Today, Pope Francis has been celebrating Mass at Casal de Marmo, a juvenile detention center on the outskirts of Rome, and washing the feet of the prisoners there.
This is one of the many gestures that has captured the imagination of people around the world, along with his willingness to get out of his car to shake hands with people without the fear of getting shot, wanting to pay off his hotel bill, and choosing to live in a simpler apartment. I don’t know about you, but I find all of this very exciting. In recent years the Roman Catholic Church has had problems with its PR (rightly so, because of the ways in which it has covered up abuse scandals). But with the white smoke has come a whiff of excitement. Maybe, the church in its impoverished state, can become the church of the poor, for the poor. And, without doubt, what the world needs is, according to Pope Francis, a wounded church that goes out onto the streets, rather than a sick church that is withdrawn into its own world.
There has been far too much inspiration and charity from within the Roman Catholic Church for it to be hidden behind a smokescreen of scandal.
The juvenile detention centre has 48 prisoners. The majority of them are Muslims. Pope Francis will wash the feet of 12 of the prisoners.
I wonder how they will feel. I wonder what will go through their minds. I wonder what sensations will travel from their feet and from the ground of their being. Will they know, through this action, that God loves them? Will they know that they are dear to him? Will they know that they are forgiven for the wrong paths those feet have taken them?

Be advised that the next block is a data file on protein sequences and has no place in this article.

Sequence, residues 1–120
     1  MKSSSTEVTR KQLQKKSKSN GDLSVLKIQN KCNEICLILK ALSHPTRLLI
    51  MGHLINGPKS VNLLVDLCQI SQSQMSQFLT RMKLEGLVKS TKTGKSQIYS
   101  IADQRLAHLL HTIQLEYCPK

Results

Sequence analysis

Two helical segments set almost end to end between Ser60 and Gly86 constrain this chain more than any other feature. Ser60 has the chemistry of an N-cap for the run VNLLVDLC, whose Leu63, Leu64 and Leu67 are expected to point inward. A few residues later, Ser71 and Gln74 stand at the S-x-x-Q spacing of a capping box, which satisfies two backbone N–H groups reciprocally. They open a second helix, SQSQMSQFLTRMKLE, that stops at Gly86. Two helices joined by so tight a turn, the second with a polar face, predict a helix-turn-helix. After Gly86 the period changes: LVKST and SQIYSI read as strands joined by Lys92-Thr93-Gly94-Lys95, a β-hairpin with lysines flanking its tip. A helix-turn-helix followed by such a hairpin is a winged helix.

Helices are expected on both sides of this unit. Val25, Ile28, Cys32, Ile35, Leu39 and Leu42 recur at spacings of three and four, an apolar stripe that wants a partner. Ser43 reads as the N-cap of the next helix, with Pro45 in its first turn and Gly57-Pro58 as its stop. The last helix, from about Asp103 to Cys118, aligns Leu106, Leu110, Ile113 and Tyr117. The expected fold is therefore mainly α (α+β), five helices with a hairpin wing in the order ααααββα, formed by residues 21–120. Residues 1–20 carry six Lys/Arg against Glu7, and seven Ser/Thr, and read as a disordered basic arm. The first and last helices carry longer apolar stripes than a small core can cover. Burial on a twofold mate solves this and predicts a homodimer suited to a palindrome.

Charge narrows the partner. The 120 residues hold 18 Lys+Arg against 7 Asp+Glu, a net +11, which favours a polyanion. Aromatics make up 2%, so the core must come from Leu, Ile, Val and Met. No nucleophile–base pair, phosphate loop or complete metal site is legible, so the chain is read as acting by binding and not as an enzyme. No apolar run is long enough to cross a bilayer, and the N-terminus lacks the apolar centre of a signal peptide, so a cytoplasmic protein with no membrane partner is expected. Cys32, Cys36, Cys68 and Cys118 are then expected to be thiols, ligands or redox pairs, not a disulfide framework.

I wonder what Pope Francis will feel through his hands, in his mind and at his heart. Will he feel the journey those feet have made? Those feet of young people. Will he feel inside their shoes, their trainers, their boots, their bootees to the life they have led? Will he understand their running away from their homes, rival gangs, the police? Will he feel the cramping of life in those shoes and why they have kicked off?
This is what Maundy Thursday is about, that we love one another. It is a new commandment which is fleshed out in Jesus example of foot washing, and which is reenacted across the world this evening, including prisons and a detention centre in Rome. This is a love which is prepared to lovingly tend the other, whatever the state of the other’s feet may be, wherever those feet have been. This is a love which feels for the other, and which forms the foundation for a community of vulnerability, compassion and love with the least, the last and the lost.
It is a transformative act. The two parties will never feel the same about each other again. He felt for me. He understood me. He held me dear. He loved me.
Another Francis has hit the news this week. The Francis Report is the independent inquiry into what has gone wrong with the NHS in the light of the Mid Staffs Hospital. The important thing highlighted is the question of how to restore compassion to the National Health Service, and how safe care can be given to every patient every time. The publication of the report had nurses ringing in to Radio 5’s phone in, frustrated that they are unable to provide the level of care that they should be providing. Their hearts were going out to those who have been neglected, but their hands were tied up in so much other work.